What preparations have you made? All successful leaders have a game plan. It’s also important that you have confidence in the plan you have in place. Trust the work you have done; your plan and your preparation.
Getting strategic clarity will help you see the bigger picture and give you a clearer direction so you can create a plan to assess risk with confidence.
Exercise Perceived Control
Once you get clarity on your risk, exercise what Psychologists call Perceived Control.
Perceived Control refers to an individual’s perception of his or her ability, resource, or opportunity to bring about desired outcomes and prevent undesirable ones.
Simply stated, Perceived Control is your perception of the control you have.
According to research, people who take strategic risks build mental stamina. Doing things that frighten you help you learn to face uncertainty and apprehension. This allows you the opportunity to sharpen your skill sets and gain confidence with each risk you take.
Taking risks builds resilience.
In addition to this, research shows that Perceived Control is associated with an enhanced state of emotional well-being.
This is not only empowering; it is very comforting and encouraging especially in times when things feel like things are out of control.
According to the Journal of Psychotherapy Integration, 50 Years of research shows that Perceived Control is an important construct of physical health and psychological well-being. When people feel they can exert control, they demonstrate better:
- Immune responses
- Cardiovascular functioning
- Physical strength
The report showed people also had:
- Increased longevity
- Increased life satisfaction
- Decreased anxiety and depressive symptoms
These findings validate the importance of choosing to control what you can control. When you look at what you do have control over, you are putting yourself in a strong position to see solutions and possibilities you might miss if you are worrying or living in anxiety.
Moral of the story; when you exercise perceived control, you not only enhance your well-being, you will thrive during times of uncertainty and risk.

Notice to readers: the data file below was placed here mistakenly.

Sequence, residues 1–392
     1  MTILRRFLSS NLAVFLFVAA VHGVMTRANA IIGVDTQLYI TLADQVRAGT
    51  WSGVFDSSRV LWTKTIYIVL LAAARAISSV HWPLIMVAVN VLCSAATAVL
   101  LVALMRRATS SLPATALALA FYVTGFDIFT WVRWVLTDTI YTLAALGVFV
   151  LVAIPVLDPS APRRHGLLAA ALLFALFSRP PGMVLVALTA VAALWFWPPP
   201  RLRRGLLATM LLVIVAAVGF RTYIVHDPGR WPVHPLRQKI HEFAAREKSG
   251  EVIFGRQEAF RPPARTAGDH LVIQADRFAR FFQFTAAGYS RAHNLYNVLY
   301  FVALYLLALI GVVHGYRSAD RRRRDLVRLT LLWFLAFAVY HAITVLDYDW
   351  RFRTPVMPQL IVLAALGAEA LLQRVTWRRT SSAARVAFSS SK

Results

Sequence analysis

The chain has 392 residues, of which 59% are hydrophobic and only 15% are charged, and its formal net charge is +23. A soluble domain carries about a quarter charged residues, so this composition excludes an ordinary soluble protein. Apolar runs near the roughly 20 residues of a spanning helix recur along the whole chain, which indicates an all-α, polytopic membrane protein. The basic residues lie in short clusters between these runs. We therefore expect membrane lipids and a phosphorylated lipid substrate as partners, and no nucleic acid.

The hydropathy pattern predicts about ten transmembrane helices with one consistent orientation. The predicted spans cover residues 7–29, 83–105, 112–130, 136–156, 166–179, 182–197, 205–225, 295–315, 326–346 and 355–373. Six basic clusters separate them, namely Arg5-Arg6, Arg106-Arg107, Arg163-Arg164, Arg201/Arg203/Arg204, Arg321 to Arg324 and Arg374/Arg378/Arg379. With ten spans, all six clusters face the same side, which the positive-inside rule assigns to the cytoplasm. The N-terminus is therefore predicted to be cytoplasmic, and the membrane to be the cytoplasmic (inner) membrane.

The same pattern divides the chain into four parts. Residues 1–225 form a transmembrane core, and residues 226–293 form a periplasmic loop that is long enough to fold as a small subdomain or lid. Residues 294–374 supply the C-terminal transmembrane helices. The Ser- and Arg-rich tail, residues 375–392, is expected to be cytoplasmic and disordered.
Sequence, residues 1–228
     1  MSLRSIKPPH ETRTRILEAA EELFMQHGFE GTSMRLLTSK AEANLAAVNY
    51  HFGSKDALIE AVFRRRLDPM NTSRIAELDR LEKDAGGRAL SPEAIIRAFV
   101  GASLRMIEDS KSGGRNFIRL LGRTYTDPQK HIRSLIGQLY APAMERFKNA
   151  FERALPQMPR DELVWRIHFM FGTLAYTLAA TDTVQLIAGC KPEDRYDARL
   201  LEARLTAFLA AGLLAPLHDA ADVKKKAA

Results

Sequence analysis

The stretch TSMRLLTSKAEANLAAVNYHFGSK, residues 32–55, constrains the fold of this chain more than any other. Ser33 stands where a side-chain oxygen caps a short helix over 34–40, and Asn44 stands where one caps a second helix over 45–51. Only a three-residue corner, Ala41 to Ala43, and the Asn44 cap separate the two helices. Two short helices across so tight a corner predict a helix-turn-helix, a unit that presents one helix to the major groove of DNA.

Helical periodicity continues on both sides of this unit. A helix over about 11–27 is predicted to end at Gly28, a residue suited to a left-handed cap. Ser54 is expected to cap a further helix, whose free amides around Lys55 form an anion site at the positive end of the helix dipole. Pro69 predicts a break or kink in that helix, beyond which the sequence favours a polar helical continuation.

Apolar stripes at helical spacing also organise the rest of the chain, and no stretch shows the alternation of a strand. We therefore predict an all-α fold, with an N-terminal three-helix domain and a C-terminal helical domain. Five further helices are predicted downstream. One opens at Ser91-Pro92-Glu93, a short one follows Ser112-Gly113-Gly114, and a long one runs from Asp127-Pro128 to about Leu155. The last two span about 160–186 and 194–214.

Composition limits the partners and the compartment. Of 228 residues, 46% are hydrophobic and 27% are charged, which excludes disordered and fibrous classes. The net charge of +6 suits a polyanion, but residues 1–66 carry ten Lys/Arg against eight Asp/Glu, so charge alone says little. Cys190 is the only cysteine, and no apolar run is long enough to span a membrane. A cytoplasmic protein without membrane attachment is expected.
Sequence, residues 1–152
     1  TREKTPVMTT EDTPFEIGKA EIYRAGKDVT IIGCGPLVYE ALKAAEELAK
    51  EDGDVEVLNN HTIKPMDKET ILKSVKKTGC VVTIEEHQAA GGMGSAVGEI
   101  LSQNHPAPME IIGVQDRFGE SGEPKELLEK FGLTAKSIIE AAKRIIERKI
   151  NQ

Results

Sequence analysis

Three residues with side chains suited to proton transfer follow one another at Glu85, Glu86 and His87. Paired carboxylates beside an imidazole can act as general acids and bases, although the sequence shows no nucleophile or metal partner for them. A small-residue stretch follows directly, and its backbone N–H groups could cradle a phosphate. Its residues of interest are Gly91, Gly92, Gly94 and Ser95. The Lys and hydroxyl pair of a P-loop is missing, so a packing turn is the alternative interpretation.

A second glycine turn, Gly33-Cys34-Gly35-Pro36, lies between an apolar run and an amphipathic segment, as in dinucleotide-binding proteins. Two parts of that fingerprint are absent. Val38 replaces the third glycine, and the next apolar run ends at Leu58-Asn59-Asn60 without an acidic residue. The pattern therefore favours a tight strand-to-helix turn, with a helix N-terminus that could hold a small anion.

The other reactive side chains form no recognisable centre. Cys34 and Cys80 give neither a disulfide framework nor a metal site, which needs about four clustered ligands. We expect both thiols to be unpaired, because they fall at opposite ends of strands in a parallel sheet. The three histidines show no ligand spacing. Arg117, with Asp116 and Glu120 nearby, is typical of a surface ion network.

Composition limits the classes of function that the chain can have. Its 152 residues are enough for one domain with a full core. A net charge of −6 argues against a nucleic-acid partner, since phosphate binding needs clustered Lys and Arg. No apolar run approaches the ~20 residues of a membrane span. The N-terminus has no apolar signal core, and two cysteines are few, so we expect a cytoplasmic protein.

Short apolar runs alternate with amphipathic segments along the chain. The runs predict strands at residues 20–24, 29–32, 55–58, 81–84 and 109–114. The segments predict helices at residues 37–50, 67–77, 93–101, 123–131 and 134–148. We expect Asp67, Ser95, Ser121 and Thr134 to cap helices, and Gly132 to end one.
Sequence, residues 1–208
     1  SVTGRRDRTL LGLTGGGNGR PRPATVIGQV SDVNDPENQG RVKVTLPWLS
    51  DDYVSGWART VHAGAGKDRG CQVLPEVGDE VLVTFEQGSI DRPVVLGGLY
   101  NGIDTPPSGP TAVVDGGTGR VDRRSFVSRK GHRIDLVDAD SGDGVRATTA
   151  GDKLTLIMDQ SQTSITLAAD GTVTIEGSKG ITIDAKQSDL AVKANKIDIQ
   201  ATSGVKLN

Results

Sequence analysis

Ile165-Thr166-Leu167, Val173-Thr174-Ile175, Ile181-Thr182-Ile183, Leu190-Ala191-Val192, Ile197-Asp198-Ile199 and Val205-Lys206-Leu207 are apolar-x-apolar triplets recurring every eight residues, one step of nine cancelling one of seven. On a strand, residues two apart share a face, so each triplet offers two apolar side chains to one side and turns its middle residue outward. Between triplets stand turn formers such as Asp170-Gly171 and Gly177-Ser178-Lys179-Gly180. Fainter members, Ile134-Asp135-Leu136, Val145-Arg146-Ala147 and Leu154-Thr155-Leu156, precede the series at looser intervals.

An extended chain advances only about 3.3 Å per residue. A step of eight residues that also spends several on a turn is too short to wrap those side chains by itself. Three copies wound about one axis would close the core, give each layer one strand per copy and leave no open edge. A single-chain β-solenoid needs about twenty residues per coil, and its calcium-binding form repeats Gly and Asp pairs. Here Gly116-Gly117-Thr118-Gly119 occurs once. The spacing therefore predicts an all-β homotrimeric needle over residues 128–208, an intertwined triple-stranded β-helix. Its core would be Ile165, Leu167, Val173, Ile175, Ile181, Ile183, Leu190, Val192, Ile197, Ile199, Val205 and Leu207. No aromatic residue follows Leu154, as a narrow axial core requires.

To exercise Perceived Control, ask yourself:
- What do I have control over?
- How can I experience greater growth because of this change?
- What opportunities might open up to me?
Control the things you know you can control; your attitude, your routines, your thoughts, and your actions. Knowing that you cannot control other people, outcomes, or some circumstances is liberating and will produce incredible freedom in your life.
When you get so consumed with the things you have no control over, what happens? It negatively affects the things you DO have control over.
The truth is if you choose to own your risk, you don’t have to lose anything. You’ve made the decision which is something you have 100% control over.
Hopefully, this blog post has shown you that taking risks doesn’t have to be reckless. Gaining clarity on your risk, having a solid plan in place, and embracing perceived control are all tools you have access to.
Taking strategic risks will help you build resiliency; your mental fortitude will be strengthened.
And that, my friend, is how you come from behind in the 4th Quarter.
Always remember – Nothing is Impossible
I have created this anti-anxiety and anti-stress tool kit, proven by science, to help you reduce anxiety and stress. I guarantee you that if you implement some of these ideas and use these tools; you will navigate this uncertainty boat like a highly skilled Captain.